Among other revelations, 40 percent of the interviewees — most of them African-American — said they recalled a high school or college counselor attempting to discourage them from pursuing a medical career, while over half had questioned their prospects of succeeding as a physician because they had never met a doctor who shared their racial identity.
Dr. Pam Simms-Mackey, a pediatrician at UCSF Benioff Children’s Hospital in Oakland, was luckier than most. She was raised by a mother with a background in early childhood education, and a father who was a urologist.
“I always say, ‘It’s easier to dream it if you can see it,’ ” said Simms-Mackey, 49, who also is married with two children.
“I had a father talk about discrimination,” she recalled of his years as the only black student in his class at Wayne State University School of Medicine in Detroit. The family’s move to Oakland in the early 1970s also came at a time when some area hospitals refused him admitting privileges.
By middle school, however, Simms-Mackey had decided to become a pediatrician.
“I always wanted to help people and make a difference, and I love kids,” she said, adding how important it is for her patients, 85 percent of whom are African-American, to have a physician who looks like them.
“I think they’re really pleased to see me,” she added. “They kind of light up.”
It doesn’t hurt that since 2012, many of her young patients have been watching the animated children’s television series, “Doc McStuffins.”
Dottie “Doc” McStuffins, an African-American youngster, has decided she wants to become a doctor like her mother, a pediatrician. In the Disney Channel show, which has been renewed for a fifth season, the little girl practices her dream by fixing toys and dolls.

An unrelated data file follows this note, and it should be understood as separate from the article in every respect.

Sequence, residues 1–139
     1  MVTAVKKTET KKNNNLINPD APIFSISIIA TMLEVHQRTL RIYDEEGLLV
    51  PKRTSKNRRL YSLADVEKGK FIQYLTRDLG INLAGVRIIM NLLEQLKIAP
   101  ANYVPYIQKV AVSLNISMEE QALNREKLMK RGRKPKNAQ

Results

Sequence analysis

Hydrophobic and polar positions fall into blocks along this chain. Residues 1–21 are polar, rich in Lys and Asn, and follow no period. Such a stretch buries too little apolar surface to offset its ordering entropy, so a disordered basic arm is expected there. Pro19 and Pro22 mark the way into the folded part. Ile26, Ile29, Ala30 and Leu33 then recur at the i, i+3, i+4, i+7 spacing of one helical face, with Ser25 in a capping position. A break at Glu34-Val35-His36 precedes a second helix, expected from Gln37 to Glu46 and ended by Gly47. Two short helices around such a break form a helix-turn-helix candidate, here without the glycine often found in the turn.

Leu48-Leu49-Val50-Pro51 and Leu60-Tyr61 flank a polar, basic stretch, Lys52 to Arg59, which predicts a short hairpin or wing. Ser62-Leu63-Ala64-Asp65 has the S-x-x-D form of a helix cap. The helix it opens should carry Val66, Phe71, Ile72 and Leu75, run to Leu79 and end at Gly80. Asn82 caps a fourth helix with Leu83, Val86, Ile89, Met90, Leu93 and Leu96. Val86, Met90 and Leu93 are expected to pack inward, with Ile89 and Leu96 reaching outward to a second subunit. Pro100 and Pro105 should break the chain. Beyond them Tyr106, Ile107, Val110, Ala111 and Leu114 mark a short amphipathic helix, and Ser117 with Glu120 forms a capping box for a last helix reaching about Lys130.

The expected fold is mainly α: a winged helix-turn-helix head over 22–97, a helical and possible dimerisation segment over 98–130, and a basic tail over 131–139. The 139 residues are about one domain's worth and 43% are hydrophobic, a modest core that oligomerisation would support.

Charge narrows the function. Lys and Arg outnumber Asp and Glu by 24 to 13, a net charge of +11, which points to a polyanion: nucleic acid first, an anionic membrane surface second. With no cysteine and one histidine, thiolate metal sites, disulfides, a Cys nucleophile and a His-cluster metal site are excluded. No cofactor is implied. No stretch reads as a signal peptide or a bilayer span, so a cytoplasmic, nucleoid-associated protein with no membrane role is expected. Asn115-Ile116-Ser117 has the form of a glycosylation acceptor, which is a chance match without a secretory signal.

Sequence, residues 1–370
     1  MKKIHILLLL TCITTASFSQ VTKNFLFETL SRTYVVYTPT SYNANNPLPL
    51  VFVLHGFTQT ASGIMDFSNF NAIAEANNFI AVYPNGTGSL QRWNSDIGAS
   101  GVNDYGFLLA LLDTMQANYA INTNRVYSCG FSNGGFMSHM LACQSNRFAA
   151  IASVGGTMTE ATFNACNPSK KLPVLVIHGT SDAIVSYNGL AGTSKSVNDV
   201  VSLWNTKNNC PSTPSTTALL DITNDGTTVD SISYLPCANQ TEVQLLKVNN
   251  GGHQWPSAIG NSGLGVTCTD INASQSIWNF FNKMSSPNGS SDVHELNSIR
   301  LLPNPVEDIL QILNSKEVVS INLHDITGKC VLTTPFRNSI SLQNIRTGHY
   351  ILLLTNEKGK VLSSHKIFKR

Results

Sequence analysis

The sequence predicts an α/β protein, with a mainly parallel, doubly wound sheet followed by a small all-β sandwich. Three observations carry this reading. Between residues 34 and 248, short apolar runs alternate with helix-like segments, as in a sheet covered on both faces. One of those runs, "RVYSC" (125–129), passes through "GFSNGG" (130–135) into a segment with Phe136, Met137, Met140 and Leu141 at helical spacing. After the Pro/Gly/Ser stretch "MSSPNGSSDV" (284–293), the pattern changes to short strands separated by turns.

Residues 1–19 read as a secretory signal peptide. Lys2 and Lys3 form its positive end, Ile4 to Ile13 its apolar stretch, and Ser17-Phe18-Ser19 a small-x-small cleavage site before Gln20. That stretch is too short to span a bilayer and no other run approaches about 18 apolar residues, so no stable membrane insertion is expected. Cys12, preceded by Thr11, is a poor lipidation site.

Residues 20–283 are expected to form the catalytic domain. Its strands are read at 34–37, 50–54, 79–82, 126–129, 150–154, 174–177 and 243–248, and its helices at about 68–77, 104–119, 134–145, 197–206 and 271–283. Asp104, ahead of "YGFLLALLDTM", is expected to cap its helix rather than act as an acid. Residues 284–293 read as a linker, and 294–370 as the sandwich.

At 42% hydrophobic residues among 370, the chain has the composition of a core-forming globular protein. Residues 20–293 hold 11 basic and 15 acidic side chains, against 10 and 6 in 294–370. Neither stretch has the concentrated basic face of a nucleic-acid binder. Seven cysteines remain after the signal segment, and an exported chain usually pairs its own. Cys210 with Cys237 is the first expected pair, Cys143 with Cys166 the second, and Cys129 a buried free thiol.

“They love it,” said Simms-Mackey, who hands out stickers of characters featured in that series, among others, to her young patients. “It’s a doctor who looks like their doctor, and who looks like them.”
In the heart of San Jose, Dr. Shani Muhammad applauds efforts to increase the number of female African-American doctors she doesn’t see represented in many hospitals and urgent care centers where she has worked.
“In most of our cases, you are very likely to be one of — if not the only — female of color working in your department, and sometimes in your hospital,” said the medical director of the Valley Health Center Downtown, where she treats mostly low-income patients suffering from chronic diseases like diabetes and high blood pressure.
It was actually an Asian-American female doctor she connected with as a teen growing up in Los Angeles who inspired her path to medical school and a career devoted to primary care.
“I felt like I had a doctor who understood me and who I could talk to about things,” said the 39-year-old wife and mother of two, who attended UC Berkeley as an undergrad, followed by medical school and residency at Case Western Reserve University in Cleveland. “And I thought, ‘That’s something I would want to do for other people.’ ”
Like Backhus, Simms-Mackay also attended Stanford University, but on a basketball scholarship. So whatever free time she had left needed to be spent on doing well in her pre-med classes.
The pediatrician said the guidance she received from an African-American female counselor at Stanford was crucial in helping her do that so she could make the leap to medical school at UCLA.
In her other role as director of the hospital’s graduate medical education and residency program, Simms-Mackey is able to help open doors for medical residents of color, male and female.
“I always say I’m trying to train pediatricians who reflect our world today,” she said.